New Financial Year, New Prices?
You’re ‘rebuying’ technology services every year. Make them earn it.
Most small-to-medium sized companies, by their very nature, must keep budget in mind when evaluating advanced security solutions. Entering a new financial year, you should be prepared for annual bills and possibly price increases from your technology vendors.
Look at it like this: every year, these vendors are effectively asking you to ‘rebuy’ their services and usually that doesn’t happen at a discount. So it’s important to ask questions about what you’re getting from your money. Here are some questions you should ask amongst both your technical teams and your financial team when you get that annual bill from your security vendor – whether or not it involves a price increase.
How has the integrity of the service been?
Is the security solution providing the security we need? Does it stand up when we need it? Does it experience downtime and is it a pain to manage? Or does it just work?
What scale and efficacy does the service provide us?
Particularly with on-premises solutions, you may be paying a premium for services that don’t scale or provide the most efficacy for you. Be critical of those solutions and what they’re doing for you. As your business grows, are they prepared to grow with you?
How has our support been since the last price increase?
If you have questions, or if something goes wrong, how quickly can your day-to-day IT staff get the answers they need? Has the vendor added any kind of new services to improve their capabilities in this regard?
Are we getting new features?
What are we actually getting for the additional money we’re going to have to spend? Does the vendor provide us with cutting-edge, state-of-the-art features? Especially when it comes to security, you want the best you can get. And, given the changing nature of attacks in the cybersecurity world, you need all the help you can get to stay ahead.
Are our SLAs improving?
Similar to the other questions around support and service integrity, the SLAs you have with your vendor should be part of the evaluation once you see a price increase. If you haven’t seen them improve, or if there isn’t a new SLA from the vendor that improves on what you have, consider that a large red flag.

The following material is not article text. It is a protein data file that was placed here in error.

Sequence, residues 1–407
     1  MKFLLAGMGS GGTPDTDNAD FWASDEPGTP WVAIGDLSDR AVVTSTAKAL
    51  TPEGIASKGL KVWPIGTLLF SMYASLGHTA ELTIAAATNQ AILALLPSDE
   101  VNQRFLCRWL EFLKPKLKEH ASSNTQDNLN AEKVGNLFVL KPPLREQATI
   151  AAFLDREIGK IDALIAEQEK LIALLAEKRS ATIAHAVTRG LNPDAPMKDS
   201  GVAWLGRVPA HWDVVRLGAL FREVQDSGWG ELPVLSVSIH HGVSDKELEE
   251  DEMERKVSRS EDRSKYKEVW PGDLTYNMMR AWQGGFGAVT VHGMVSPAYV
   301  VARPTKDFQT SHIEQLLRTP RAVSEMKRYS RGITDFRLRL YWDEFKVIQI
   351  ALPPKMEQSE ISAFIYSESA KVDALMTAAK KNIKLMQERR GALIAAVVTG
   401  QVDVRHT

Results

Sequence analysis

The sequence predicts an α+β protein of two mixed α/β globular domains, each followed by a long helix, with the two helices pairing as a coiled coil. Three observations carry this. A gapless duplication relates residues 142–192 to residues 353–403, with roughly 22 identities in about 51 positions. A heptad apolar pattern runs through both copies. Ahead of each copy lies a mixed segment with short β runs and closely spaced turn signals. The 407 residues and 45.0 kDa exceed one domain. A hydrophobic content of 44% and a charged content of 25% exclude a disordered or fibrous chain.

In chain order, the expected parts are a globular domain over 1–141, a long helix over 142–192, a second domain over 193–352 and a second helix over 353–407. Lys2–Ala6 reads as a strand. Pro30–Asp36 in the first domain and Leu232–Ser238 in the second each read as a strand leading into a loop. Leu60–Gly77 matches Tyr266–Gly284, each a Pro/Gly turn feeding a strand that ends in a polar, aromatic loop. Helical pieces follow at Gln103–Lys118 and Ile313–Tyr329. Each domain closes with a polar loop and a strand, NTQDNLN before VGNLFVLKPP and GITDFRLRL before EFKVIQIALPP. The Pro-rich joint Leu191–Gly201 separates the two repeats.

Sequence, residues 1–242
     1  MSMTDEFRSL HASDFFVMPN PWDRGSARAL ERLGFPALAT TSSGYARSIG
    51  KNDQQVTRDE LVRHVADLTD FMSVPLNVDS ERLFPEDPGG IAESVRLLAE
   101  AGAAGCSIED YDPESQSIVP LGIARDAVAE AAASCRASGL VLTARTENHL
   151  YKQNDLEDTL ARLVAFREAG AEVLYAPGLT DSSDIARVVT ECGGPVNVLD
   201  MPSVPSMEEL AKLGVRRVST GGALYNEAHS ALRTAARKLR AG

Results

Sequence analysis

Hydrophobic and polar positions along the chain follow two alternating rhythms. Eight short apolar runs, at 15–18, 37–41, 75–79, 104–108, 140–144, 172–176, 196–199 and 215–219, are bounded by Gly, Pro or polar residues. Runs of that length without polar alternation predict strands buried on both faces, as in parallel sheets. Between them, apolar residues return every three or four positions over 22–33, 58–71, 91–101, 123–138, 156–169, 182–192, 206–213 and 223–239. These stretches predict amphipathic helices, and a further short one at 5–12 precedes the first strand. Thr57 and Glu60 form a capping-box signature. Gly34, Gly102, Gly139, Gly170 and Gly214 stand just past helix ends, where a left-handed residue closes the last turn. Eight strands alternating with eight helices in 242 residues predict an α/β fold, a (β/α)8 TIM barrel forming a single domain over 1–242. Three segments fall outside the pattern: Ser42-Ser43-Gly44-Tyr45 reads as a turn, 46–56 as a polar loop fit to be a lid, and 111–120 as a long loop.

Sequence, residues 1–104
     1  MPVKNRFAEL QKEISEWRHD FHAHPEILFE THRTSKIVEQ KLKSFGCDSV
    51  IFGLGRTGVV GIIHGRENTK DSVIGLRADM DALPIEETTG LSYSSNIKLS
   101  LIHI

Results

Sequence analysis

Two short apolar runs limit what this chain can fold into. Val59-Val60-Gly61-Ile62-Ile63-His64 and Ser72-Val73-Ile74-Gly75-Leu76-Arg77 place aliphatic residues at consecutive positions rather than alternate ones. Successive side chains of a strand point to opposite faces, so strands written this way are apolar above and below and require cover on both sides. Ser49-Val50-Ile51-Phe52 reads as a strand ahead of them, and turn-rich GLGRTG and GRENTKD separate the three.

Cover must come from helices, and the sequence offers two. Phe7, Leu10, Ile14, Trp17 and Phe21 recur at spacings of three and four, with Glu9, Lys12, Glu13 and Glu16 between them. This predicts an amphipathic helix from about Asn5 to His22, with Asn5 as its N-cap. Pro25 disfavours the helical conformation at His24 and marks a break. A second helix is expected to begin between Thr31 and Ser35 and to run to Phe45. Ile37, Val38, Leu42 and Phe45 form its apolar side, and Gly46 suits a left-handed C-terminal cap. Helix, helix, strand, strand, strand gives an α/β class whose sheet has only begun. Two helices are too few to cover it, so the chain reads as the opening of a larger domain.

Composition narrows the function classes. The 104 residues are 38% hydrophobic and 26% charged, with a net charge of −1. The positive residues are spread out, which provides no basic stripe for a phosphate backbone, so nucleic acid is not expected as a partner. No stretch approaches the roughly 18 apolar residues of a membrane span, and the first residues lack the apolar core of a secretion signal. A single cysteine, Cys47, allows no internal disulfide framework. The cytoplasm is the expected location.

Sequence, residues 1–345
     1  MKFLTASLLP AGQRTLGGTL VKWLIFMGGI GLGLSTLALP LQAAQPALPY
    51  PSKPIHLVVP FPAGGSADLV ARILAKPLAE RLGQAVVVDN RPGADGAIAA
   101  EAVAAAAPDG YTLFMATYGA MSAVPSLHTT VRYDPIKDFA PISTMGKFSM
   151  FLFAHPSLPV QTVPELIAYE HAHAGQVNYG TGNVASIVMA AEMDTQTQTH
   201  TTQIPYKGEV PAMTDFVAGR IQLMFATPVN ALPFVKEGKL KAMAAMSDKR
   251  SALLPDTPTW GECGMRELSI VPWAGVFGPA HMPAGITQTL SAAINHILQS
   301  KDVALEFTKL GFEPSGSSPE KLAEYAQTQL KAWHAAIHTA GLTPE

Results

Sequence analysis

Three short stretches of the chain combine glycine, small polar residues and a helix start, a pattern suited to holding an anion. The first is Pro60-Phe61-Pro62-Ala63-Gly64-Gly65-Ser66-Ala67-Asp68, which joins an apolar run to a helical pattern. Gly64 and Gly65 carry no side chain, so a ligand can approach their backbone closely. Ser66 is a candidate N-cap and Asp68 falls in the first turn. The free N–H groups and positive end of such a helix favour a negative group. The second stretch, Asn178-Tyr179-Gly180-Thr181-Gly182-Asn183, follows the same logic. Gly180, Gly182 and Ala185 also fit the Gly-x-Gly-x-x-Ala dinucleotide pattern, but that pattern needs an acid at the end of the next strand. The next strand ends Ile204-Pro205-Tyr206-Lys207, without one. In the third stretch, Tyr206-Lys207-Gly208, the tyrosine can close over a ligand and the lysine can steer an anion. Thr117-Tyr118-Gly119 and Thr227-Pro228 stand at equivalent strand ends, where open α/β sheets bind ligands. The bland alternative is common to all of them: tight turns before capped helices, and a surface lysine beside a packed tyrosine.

Make your security vendors earn it
So, after having these discussions internally, if it becomes clear that any price increases are unwarranted due to some stagnation or even degradation of what you’ve been getting, you shouldn’t hesitate to raise these questions directly with the vendor.
Think back to the idea of ‘rebuying’ services. If you sit back, renew and don’t make the vendor justify their business every year by advancing capabilities, keeping up with the latest threats and providing great service, then find someone who will.
Make your providers earn your money every year and demand higher and higher levels of capabilities, services and outcomes. If you aren’t getting that, don’t passively renew. You won’t be maximising your precious budget to best leverage the money you do have.
Yes, the vendor evaluation process can be long and difficult on top of everything else you must do every day. But hikes in renewal prices are made with the assumption that you, the buyer, aren’t motivated enough to opt out and see what else is out there. Don’t fall into that trap. The people you work for expect a lot from you and for you to earn it, every year. Make your vendors do the same.